Why aggregate concepts and principles by providing rules for their application?
If the meaning of paradigms is understood, the meaning of quality will follow.
We are constantly being influenced by paradigms. Our employers, our place of worship, our county supervisors are all guided by prevailing paradigms. Our universities provide us with a number of excellent examples. I will use an example that is based on the concept of CURRICULUM. There will be an entire chapter dedicated to the concept/domain but using this example will help make the rather significant and rather vague amount of knowledge that’s available on the concept of a paradigm more palatable. Yes, a concept can also be a knowledge domain. Many universities offer PhD programs in curriculum development and instruction.
Curriculum is a very important concept in our universities. Just as there have been entire books written on concepts and paradigms, there are numerous volumes on the subject of the curriculum. One book particularly noteworthy is Curriculum Theory, Conflicting Visions and Enduring Concerns (2008) by Michael Schiro. Schiro taught mathematics education and curriculum theory at Boston College for the last 30 plus years. He received his masters and PhD from Harvard University in curriculum instruction. Dr. Schiro does an excellent job of presenting curriculum theory utilizing concepts, principles and paradigms, although he is careful in his choice of words. On page one, paragraph one, he sets the stage.
For almost a hundred years, educators have been at war with each other over what the nature of the American school curriculum should be. Underlying this war are four visions of what the school curriculum should look like. These visions are based on four ideologies, or curriculum philosophies, that advocate very different methods of achieving those respective purposes. The four visions of schooling have both stimulated improvement in American schools and caused conflicts that have inhibited progress in the development of school curriculum.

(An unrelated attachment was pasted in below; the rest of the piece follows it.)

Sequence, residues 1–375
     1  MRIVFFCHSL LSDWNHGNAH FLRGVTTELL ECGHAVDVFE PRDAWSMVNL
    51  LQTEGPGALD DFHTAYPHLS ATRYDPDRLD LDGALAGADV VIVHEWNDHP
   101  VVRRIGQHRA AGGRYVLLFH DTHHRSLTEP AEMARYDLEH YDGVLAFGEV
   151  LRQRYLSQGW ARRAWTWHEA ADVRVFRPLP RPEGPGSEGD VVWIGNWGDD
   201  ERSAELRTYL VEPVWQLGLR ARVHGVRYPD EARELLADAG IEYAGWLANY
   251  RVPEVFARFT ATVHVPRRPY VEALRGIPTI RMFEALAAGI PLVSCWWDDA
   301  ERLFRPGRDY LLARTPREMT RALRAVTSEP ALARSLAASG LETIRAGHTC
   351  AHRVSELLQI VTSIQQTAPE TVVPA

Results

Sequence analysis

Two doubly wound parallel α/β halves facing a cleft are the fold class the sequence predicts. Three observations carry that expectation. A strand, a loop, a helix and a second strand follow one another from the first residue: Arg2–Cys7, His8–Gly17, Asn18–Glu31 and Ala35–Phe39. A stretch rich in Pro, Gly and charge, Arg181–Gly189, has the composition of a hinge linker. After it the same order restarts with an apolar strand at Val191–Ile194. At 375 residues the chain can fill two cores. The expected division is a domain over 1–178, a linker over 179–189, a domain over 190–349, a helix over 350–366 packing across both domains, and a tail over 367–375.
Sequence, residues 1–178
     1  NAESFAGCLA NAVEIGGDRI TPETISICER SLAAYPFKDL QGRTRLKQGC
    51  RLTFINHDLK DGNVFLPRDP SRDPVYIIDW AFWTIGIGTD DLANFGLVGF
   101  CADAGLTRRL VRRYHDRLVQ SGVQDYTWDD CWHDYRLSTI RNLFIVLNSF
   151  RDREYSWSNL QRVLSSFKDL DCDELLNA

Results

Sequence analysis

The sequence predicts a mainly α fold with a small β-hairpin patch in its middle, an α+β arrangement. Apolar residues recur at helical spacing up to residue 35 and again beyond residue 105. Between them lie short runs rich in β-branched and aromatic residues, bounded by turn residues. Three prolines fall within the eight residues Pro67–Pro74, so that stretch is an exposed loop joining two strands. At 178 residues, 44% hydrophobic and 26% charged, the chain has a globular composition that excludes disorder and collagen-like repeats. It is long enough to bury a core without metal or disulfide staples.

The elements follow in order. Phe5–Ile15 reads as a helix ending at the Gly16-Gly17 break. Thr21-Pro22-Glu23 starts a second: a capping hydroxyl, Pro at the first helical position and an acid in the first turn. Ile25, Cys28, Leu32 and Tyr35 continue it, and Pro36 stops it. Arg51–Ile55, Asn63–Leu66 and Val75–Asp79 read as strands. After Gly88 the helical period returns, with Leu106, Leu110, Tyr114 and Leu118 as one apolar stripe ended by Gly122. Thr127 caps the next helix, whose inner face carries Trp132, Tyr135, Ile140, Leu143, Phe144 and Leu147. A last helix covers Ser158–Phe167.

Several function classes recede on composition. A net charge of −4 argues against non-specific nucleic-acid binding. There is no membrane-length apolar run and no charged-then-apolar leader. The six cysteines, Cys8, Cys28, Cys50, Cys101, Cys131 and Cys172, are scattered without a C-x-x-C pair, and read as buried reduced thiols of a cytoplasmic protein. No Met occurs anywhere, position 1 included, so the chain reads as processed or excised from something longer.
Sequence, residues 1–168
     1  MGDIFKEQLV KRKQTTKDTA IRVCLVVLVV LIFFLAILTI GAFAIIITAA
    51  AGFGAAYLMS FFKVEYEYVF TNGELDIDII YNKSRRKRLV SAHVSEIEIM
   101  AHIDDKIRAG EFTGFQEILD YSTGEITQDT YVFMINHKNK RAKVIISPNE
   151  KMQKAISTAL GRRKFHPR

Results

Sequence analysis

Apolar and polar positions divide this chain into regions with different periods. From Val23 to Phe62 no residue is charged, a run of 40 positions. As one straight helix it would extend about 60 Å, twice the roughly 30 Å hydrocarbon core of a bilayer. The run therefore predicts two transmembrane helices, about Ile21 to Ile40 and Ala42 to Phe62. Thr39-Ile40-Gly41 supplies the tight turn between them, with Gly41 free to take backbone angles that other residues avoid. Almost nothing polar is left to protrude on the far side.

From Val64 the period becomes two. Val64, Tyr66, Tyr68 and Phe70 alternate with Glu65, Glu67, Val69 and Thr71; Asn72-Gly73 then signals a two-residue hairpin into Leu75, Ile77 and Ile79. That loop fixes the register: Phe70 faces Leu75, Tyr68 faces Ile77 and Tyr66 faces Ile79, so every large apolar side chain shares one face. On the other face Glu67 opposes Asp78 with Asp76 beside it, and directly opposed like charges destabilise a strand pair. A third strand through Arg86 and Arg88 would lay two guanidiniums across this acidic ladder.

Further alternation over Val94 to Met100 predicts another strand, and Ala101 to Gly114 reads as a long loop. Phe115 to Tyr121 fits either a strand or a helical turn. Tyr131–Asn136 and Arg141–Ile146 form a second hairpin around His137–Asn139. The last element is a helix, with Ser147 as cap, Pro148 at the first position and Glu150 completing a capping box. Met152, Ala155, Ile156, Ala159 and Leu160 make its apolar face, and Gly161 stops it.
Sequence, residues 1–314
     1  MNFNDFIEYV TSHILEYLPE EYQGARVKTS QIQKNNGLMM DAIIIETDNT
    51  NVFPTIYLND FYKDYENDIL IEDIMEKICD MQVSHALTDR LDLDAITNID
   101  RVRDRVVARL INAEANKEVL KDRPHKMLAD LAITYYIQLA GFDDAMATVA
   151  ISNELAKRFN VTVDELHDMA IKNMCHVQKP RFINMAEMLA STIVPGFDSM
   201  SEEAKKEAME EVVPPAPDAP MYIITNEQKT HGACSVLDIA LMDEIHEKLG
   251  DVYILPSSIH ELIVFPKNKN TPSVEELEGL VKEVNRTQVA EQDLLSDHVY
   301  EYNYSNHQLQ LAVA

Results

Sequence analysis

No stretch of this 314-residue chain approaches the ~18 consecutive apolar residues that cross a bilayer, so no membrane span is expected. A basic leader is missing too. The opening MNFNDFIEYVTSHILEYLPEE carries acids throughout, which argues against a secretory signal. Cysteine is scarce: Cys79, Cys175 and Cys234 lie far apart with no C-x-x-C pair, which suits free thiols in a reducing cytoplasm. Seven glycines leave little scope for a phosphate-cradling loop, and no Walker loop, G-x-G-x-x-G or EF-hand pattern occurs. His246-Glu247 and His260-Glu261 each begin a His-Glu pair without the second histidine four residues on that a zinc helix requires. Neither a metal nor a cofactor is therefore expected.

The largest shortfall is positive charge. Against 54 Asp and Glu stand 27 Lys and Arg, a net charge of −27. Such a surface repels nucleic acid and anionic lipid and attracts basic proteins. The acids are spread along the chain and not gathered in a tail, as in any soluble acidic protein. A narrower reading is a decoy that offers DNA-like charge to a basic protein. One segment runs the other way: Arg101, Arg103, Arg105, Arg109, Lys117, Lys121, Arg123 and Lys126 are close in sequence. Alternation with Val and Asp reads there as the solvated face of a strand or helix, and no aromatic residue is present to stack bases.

The overarching domain is obviously tertiary education however, for this example we have identified the domain as Curriculum Theory. When Dr Schiro uses the concepts of vision, ideology, and philosophy he is, in reality, identifying paradigms within the educational system. We will identify one of the four for our example: The Scholar Academic Ideology, probably the most common in use today. In the appendix of his book, Dr Schiro provides a Curriculum Ideologies Inventory in which he identifies the purpose for each ideology. The inventory also addresses the following concepts with associated precursory principles: Teaching, Learning, Knowledge, Childhood and Evaluation. He doesn’t identify them as principles; they are just a vehicle to complete the inventory, but they are precursory in nature.
Scholar Academic Ideology
Purpose ( First Principle): To provide a community where the accumulated knowledge of the culture is transmitted to the youth.
Concepts and Principles
TEACHING: Teachers should be knowledgeable people, transmitting that which is known to those who do not know it.
LEARNING: Learning best proceeds when the teacher clearly and accurately presents to the student that knowledge which the student is to acquire.
KNOWLEDGE: The knowledge of most worth is the structural knowledge and ways of thinking that have come to be valued by culture over time.
CHILDHOOD: Childhood is essentially a period of intellectual development highlighted by growing reasoning ability and capacity for memory that results in ever greater absorption of cultural knowledge.
EVALUATION: Evaluation should objectively determine the amount of knowledge students have acquired. It allows students to be ranked from those with the greatest intellectual gain to those with the least.
We have now clearly identified the Scholar Academic Ideology as a precursory paradigm. We have concepts, purpose and rules in the form of precursory principles.
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